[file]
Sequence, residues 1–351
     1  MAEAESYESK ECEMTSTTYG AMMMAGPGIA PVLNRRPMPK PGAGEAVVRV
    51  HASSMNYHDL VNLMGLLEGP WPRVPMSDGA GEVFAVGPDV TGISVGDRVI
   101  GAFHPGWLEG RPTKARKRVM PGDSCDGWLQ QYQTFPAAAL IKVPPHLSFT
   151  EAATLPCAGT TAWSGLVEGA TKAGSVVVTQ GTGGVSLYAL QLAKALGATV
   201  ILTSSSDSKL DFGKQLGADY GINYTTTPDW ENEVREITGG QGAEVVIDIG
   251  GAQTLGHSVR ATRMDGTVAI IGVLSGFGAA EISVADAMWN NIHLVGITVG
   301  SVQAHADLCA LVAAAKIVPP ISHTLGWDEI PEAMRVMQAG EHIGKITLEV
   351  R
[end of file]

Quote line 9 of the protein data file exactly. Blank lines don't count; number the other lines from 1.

   351  R